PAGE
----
The European Union may be reaching its limit on mitigating the economic crisis without amending its treaties. France and Germany agree that a modification of the European legal framework is necessary, but key questions remain on when and how to do it, and who to include in the process. On Thursday, French President Francois Hollande proposed the creation of an economic government in the eurozone, including a separate budget for the 17 countries that share the common currency and the possibility of eventually issuing joint debt. According to the Socialist leader, these reforms should be applied within two years. While Hollande did not mention it, such changes imply the reform of the EU treaties.
The economic crisis has negatively impacted support for the European Union, so the timing for these changes is significant. Some EU governments argue that this may not be the best moment to open negotiations for a new treaty for fear that the domestic populations would demand referendums. The European Union is often accused of lacking democratic accountability, since treaties in most EU member countries are approved by parliaments, without direct involvement from voters.
The European Union has a traumatic relationship with referendums. It took two referendums (in 1992 and 1993) for the Danish to approve the Maastricht Treaty, which created the European Union and set the foundation for the euro. In the meantime, Copenhagen negotiated an opt-out clause from the eurozone. It also took two rounds of voting in 2001 and 2002 for the Irish population to approve the treaty of Nice, an amendment to the EU legal framework that modified the bloc's voting system. The populations of France and the Netherlands — two founding members of the European Communities — rejected the European Constitution in 2005, thus killing the project.
Several countries are likely to hold referendums if the EU decides to amend its treaties. Ireland is constitutionally obliged to consult its population on new European treaties, and the United Kingdom approved a similar law in 2011. Traditionally euroskeptical countries such as Denmark and Sweden are likely to follow suit. Anti-EU parties in Germany and the Netherlands often argue that local populations were not consulted when Berlin and The Hague made the key decision to adopt the euro. In this context, many governments would be under strong pressure to consult their populations, especially if sensitive issues such as the issuing of joint debt are involved.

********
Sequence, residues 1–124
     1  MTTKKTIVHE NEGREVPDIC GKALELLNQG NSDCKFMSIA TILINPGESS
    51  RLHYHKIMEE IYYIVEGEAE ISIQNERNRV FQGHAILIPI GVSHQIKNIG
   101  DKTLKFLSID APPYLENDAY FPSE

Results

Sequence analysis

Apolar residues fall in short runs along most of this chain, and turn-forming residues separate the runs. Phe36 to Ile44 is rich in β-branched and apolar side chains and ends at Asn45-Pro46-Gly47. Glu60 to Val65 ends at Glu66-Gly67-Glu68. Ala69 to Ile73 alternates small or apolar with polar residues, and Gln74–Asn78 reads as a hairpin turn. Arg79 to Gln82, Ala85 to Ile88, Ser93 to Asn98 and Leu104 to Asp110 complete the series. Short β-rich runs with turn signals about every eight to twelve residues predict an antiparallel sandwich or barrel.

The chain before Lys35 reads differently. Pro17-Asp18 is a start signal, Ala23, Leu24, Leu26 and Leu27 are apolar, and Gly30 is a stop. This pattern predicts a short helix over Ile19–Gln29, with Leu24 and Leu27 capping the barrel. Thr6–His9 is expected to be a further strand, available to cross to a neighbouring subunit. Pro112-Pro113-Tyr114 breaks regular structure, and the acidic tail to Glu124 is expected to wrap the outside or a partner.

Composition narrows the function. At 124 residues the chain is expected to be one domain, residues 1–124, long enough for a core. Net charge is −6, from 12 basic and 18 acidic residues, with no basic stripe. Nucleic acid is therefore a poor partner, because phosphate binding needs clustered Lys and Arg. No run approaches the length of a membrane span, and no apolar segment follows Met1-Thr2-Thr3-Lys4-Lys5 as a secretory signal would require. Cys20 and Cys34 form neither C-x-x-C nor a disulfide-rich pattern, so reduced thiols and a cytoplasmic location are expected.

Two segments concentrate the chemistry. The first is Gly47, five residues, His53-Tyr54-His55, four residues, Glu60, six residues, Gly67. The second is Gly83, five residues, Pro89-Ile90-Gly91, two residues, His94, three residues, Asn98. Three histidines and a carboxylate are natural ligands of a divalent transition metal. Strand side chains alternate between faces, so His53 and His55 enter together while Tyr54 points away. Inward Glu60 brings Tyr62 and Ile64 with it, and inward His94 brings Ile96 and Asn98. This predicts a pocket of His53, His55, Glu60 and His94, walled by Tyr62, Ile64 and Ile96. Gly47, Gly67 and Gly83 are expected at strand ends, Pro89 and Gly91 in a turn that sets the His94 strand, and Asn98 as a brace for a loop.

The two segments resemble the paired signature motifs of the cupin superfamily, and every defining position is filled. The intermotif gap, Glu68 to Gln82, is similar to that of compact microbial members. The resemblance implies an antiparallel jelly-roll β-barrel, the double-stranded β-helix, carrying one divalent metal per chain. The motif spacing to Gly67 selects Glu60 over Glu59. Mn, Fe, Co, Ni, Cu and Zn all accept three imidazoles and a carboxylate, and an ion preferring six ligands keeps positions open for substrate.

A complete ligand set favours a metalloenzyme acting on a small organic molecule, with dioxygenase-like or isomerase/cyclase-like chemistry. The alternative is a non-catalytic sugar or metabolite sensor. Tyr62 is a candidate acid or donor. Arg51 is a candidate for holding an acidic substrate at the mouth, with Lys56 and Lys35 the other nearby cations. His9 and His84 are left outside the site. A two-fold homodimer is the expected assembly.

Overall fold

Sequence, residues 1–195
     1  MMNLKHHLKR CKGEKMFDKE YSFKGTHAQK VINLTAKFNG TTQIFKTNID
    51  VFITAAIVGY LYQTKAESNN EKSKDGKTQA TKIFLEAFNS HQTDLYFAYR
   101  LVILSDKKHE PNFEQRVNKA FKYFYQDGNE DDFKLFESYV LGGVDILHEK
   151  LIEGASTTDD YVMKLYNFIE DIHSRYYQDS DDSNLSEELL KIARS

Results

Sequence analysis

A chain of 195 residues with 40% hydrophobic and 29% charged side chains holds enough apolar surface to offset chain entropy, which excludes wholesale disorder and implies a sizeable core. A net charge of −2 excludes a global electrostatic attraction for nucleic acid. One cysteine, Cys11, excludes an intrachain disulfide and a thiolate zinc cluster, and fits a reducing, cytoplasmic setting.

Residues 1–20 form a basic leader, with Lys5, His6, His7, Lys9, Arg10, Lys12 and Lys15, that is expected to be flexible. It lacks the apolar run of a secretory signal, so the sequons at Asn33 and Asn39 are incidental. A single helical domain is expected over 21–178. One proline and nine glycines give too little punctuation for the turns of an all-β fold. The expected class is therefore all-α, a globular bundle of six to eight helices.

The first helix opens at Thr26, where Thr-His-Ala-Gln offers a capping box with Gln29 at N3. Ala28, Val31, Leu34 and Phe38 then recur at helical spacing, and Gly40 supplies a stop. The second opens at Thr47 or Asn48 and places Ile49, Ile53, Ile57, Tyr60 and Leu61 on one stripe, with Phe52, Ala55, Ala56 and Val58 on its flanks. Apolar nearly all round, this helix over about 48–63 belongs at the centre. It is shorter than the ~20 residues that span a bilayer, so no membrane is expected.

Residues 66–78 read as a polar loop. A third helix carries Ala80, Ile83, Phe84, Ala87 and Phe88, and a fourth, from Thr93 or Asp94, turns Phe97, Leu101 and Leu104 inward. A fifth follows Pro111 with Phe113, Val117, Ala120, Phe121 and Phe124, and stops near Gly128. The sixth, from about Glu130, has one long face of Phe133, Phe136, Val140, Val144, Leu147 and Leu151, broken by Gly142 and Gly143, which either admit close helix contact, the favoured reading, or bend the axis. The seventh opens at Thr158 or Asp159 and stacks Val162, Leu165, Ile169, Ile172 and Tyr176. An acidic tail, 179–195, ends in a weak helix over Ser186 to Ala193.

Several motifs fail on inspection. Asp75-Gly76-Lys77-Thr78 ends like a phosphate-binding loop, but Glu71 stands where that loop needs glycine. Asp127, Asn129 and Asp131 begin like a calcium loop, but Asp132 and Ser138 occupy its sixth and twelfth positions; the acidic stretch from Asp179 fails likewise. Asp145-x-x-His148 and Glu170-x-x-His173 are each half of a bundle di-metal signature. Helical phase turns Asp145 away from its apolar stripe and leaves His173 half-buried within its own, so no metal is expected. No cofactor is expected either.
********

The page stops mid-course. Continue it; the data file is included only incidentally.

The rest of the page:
The United Kingdom could hold a referendum about its EU membership even without the prospect of a new treaty, given David Cameron's recent promise to renegotiate the country's status in the European Union. Public opinion in the United Kingdom is divided regarding the country's EU membership, but London's push for a repatriation of powers from Brussels could lead other countries to pursue a similar strategy.
The timing of Hollande's proposal is important for electoral reasons. Germany is expected to hold general elections in September, and Chancellor Angela Merkel is seeking re-election. Most Germans support her management of the European crisis and want to remain in the eurozone. But Eurobonds are generally unpopular in Germany, and voters often disagree with using taxpayers' money to grant financial assistance to countries in the periphery. Thus, no serious discussions about treaty change will happen until the final quarter of the year.
The question on how to reform the treaties is equally relevant. Germany does not necessarily reject the creation of some kind of debt mutualization scheme, but Berlin is likely to ask for more centralized control of the fiscal policies of the eurozone members in return. This could go against France's interest in preserving some degree of national sovereignty. France does not share Germany's traditional aversion to inflation, and sympathizes with the idea of reforming the charter of the European Central Bank to include growth — instead of just low inflation — as the institution's core goal.
Finally, there is the question of who to include in Europe's new legal framework. In recent years, the European Union has focused its efforts on solving problems within the eurozone, somewhat neglecting the interests of the 10 EU countries that do not share the euro. Recent policy proposals such as the creation of a separate budget for the eurozone and the idea of appointing a president for the currency union highlight this phenomenon. The European crisis has made the so-called two-speed Europe a reality, and the new treaty could deepen that division.
The European Union has managed to apply some measures to address the eurozone crisis without modifying its constitutional treaties. While intervention by the European Central Bank in debt markets is technically not allowed, Brussels decided to bend the rules to avoid an escalation of the crisis. The EU Commission has also decided to turn a blind eye on violations of EU guidelines for debt and deficit by member countries. But the European Union is reaching the limit of what it can do to mitigate the crisis without treaty revision. Whether it happens in the time frame proposed by Hollande or not, governments and populations in the European Union will eventually have to face some difficult questions about the bloc's future.